When you have MS, it’s important to be able to communicate well with the medical professionals who are taking care of you. The questions that you have are important, and their answers can help you manage your condition.
It’s normal for everyone to forget their questions at their doctor’s appointment. Since a change in cognition can be one of the first signs of MS, you may be even more likely to forget the things you wanted to ask about. Keep a journal to write down your questions as you think of them. Try a notebook or a cellphone app.
You might have questions from your own personal experience or from something you’ve read. Log each one as it occurs to you, make a list, and leave room to write down the answers you receive.
Here are six talking points to get you started at your next appointment.
When your doctor asks for information, the more accurate your answer, the better. Make note of what you’re asked at each appointment to see if it’s anything you should be tracking for next time. An example is your symptom severity. Your doctor will want to know if your symptoms are getting better, getting worse, or staying the same.
If you have experienced something new and think it might be a symptom of MS, make note of it and write down as much detail as you can, such as:
- when it first appeared
- how often it happens
- how severe it is
- if it seems to be connected to something else
For example, new difficulties with walking might happen only occasionally and on days after you haven’t slept well. A detailed description of a gait problem can help your doctor decide on the best strategy or assistive walking device, if needed, for your situation.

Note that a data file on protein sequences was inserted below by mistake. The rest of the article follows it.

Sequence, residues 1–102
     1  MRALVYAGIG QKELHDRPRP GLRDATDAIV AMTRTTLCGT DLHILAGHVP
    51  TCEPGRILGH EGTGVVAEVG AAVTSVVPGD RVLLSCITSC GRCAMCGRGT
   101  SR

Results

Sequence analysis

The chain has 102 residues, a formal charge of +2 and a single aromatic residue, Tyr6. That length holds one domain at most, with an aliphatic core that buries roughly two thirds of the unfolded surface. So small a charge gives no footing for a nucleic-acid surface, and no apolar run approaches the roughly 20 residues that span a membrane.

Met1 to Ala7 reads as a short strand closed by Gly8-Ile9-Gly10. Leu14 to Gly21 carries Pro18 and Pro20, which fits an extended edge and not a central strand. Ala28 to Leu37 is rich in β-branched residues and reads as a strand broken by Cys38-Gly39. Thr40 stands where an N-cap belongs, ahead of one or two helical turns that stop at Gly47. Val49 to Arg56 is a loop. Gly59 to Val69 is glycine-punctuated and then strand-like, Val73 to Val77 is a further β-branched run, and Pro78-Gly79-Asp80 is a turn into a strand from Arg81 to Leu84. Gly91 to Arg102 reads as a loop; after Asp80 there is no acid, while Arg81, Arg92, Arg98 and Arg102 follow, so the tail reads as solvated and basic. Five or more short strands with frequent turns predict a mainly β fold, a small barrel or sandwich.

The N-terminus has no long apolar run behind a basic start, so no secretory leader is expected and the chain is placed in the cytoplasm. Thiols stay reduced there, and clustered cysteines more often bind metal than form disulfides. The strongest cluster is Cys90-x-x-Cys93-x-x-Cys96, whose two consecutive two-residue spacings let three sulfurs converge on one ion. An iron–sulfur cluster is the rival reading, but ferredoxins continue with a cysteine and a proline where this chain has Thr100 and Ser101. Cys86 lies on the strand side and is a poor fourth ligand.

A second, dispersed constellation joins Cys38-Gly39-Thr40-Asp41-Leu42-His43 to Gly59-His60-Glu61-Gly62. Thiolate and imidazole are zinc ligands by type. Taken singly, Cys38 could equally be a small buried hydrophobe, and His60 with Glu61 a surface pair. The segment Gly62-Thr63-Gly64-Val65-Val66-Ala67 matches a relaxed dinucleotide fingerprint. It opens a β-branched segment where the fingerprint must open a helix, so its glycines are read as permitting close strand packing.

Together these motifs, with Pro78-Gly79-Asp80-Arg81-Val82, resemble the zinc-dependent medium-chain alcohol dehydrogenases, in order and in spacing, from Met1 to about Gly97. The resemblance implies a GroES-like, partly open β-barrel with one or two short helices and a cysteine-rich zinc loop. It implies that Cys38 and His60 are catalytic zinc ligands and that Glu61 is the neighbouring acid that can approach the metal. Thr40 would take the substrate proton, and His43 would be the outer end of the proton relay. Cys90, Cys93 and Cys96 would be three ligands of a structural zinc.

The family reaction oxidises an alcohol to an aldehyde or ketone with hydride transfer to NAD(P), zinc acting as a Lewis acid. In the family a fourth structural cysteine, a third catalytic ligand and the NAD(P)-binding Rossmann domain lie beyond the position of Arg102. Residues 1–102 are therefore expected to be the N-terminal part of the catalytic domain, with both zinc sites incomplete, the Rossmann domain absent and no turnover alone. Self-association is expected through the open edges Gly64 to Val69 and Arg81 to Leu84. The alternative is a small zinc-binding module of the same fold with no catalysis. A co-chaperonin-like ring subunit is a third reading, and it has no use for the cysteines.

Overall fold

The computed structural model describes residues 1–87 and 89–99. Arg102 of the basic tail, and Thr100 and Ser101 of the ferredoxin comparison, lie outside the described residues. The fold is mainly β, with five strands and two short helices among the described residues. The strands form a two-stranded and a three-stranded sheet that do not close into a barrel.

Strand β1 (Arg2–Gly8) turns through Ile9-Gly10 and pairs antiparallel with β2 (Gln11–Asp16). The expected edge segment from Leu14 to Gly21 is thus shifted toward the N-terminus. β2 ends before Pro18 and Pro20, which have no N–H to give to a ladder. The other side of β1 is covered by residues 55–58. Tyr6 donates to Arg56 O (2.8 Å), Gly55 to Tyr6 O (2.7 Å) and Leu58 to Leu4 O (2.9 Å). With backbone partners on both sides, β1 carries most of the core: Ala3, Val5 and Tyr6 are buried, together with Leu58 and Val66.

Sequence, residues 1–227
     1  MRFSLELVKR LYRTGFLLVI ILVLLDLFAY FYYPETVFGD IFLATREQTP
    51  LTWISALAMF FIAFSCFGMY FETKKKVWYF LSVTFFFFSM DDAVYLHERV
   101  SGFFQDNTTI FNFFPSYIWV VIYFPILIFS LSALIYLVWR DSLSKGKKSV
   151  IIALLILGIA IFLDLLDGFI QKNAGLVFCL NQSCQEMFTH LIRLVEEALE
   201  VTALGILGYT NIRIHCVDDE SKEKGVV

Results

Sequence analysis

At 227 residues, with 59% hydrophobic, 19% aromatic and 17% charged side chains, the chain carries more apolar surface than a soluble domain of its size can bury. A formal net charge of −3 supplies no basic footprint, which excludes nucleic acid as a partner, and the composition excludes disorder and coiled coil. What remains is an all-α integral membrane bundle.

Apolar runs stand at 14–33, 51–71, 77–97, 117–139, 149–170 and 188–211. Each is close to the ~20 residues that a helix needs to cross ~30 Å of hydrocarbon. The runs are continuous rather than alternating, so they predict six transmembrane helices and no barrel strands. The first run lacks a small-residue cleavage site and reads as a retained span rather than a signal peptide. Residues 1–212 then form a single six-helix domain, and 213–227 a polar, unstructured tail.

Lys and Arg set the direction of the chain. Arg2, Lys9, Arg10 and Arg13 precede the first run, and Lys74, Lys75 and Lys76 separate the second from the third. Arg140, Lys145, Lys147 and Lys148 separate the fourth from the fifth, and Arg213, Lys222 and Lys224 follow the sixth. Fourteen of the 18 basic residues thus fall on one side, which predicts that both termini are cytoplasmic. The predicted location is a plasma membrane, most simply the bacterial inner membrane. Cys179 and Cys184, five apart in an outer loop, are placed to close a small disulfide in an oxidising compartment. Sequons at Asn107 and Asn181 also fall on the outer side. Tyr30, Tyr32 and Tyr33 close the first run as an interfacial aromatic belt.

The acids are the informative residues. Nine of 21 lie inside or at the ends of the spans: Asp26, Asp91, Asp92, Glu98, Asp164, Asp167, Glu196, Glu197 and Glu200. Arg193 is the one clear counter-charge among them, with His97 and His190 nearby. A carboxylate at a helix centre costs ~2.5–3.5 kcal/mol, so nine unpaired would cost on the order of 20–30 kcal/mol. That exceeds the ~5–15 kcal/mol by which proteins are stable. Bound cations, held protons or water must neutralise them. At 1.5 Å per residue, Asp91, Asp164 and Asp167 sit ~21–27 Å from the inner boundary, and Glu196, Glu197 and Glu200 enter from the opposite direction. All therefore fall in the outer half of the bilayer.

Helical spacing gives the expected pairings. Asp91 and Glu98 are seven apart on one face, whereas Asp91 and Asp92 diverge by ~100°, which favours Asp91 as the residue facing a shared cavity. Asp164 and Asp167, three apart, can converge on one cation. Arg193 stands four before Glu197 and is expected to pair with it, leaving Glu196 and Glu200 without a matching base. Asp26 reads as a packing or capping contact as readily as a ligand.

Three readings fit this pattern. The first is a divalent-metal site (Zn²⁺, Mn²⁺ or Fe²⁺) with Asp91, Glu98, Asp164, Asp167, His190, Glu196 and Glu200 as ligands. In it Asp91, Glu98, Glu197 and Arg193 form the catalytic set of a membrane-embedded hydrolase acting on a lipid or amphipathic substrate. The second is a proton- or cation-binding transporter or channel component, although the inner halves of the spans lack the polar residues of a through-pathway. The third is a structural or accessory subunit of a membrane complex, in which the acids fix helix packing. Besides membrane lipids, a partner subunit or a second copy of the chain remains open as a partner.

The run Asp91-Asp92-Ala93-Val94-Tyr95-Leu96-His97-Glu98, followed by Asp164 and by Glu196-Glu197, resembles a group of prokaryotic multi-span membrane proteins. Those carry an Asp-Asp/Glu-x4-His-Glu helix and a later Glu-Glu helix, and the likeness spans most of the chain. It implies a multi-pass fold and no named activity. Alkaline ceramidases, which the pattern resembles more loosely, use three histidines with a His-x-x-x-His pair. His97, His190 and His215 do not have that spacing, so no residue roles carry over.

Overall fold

Keep track of medications you’re taking and any side effects that you may be experiencing. The same is true for any vitamins or herbal supplements you’re taking, or any significant changes to your diet.
If your doctor suggests that you try supplements such as fish oil or vitamins such as D and A, keep a record of the frequency and dose to see if any improvements coincide with the supplements. Ask your doctor first before trying anything new, because some supplements and herbal remedies can make symptoms worse or interfere with your medication.
If you experience a new symptom, or if an old one returns and lasts longer than a couple of days, you may be having a relapse. If it’s not a relapse, it might be something called pseudo-exacerbation, which is when factors such as fatigue or PMS make you feel worse. Ask your doctor to clarify which situations warrant an appointment.
You can treat relapses with steroids, but there are side effects. Even though steroids will put you back into remission faster, they don’t affect the long-term progression of your MS. If you decide against steroid use, your doctor might still want to be notified of any symptom change to more closely monitor the status of your condition.
There may be something else you can do to help manage your symptoms and slow your disease progression. Ask your doctor if there are any more actions you can take, such as lifestyle changes. For example, if you don’t currently exercise, get clearance from your doctor to start. Read about treatment as much as you can between appointments and take notes. Write down any questions that you think of and bring them to your next appointment.
If you have an MS diagnosis, chances are you already see a neurologist in addition to your doctor. Ask if there’s anyone else you should see who can help you. This could include a nutritionist, neuropsychologist, psychologist, speech-language pathologist, physical therapist, or personal trainer. Asking for this information can prepare you for what may lie ahead, as well as prompt the start of a new treatment.
The questions you have about your MS are important. Keep a journal and record anything that comes up between appointments so you can keep your doctor informed of your condition. Write down all your questions so that you remember them at appointment time. Keeping the lines of communication open between yourself and your doctor can help you manage your condition better.